Two words – Land Bank. This same concept was floated by then City Councillor Ed Cyr (and possibly others) about 25 years or so ago using the term "Land Bank". It inevitably led to a conflict among different priorities, esp. open space vs. "affordable housing", though there was at least one case in which a proposed site provided parking (and a turnaround) for a very congested dead end street. I’m sure there are some sites that should be made available for housing (whether "affordable" or just plain housing), but I’d hate to see the perception of "crisis" lead to the stifling of all other alternatives.

Order #3. That the City Manager is requested to appoint an appropriate City representative to work with the Historical Commission, the Veterans Services Department, representatives of the Cambridge African American Heritage Trail, Cambridge Historian Jon Hill, and any other appropriate parties in an effort to place markers on the graves of Mr. Cato Freeman and Mr. Neptune Frost at the Old Harvard Square Burial Ground, a marker for Mr. Agrippa Hull on the Cambridge Common, and markers for any other early unsung patriots of color that we may yet determine have been hidden in the shadows of history for far too long.   Councillor Simmons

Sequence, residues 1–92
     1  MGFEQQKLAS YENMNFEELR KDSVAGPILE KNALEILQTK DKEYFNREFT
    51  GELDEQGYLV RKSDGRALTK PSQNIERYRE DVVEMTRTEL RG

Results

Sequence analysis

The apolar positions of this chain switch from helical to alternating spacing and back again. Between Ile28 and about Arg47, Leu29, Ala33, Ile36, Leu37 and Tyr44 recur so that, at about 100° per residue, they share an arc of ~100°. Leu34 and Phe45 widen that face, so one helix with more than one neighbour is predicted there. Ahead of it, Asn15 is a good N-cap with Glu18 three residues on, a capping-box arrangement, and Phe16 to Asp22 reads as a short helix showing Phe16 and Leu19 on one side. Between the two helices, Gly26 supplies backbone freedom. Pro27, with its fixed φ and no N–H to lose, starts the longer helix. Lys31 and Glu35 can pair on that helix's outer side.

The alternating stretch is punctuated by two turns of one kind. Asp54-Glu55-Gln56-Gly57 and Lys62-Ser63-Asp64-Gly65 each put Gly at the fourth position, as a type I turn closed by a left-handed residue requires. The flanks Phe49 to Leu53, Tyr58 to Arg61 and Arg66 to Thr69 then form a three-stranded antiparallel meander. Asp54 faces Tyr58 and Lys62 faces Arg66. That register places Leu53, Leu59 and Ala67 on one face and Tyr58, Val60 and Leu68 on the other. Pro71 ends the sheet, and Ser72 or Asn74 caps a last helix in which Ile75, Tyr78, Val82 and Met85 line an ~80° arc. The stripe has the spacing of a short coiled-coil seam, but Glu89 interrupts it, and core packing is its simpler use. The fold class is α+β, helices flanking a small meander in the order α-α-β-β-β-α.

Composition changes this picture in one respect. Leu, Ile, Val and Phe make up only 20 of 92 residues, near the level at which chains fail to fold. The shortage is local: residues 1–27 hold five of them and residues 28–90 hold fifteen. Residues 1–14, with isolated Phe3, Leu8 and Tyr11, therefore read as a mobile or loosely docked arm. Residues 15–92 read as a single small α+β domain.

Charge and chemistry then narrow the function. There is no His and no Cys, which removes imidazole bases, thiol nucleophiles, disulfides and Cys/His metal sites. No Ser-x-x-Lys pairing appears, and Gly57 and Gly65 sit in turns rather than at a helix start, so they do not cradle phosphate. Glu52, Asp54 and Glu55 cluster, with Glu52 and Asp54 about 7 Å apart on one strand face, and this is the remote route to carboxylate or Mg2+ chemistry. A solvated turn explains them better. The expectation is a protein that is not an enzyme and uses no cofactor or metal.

This is a great idea. It’s probably also a good time to review and refurbish some of the historical markers all around Cambridge. We could also use an updated guide book for walking tours in both the Mount Auburn Cemetery and the Cambridge Cemetery highlighting the many significant people buried in these cemeteries.

Order #4. That the City Manager be and hereby is requested to work with the Assistant City Manager for Community Development, the Executive Director of the Cambridge Arts Council, and the City Solicitor with a view in mind of drafting of an Arts Overlay District ordinance that would achieve the goals of creating and preserving spaces for the arts in the Central Square Cultural District.   Councillor Mallon, Vice Mayor Devereux, Mayor McGovern

While I think this is a good idea, I hasten to add that there are a lot of people who need or would want "live/work space" who you might not necessarily label as "artists".

Order #6. That the City Manager is requested to direct the Community Development Department to compile a list of single family homes which could be purchased by the Affordable Housing Trust and converted to Single Room Occupancies or Housing Cooperatives.   Councillor Toomey, Mayor McGovern, Councillor Siddiqui

I think that the concept of Rooming Houses or Single Room Occupancy (SRO) residences is something that fell out of favor over the years but which might again make some sense in this age of micro-units, short-term rentals, and people choosing to live with relatively few possessions. That said, I’d hate to see this used as a pretext for the City to relentlessly buy up the city’s housing stock. The fact that this Order specifically asks to "compile a list of single-family homes available on the market in Residential A1, A2, and B zones" seems rather politically motivated. Wouldn’t it be better to simply provide some financial and other incentives to property owners to configure their properties so as to address current needs?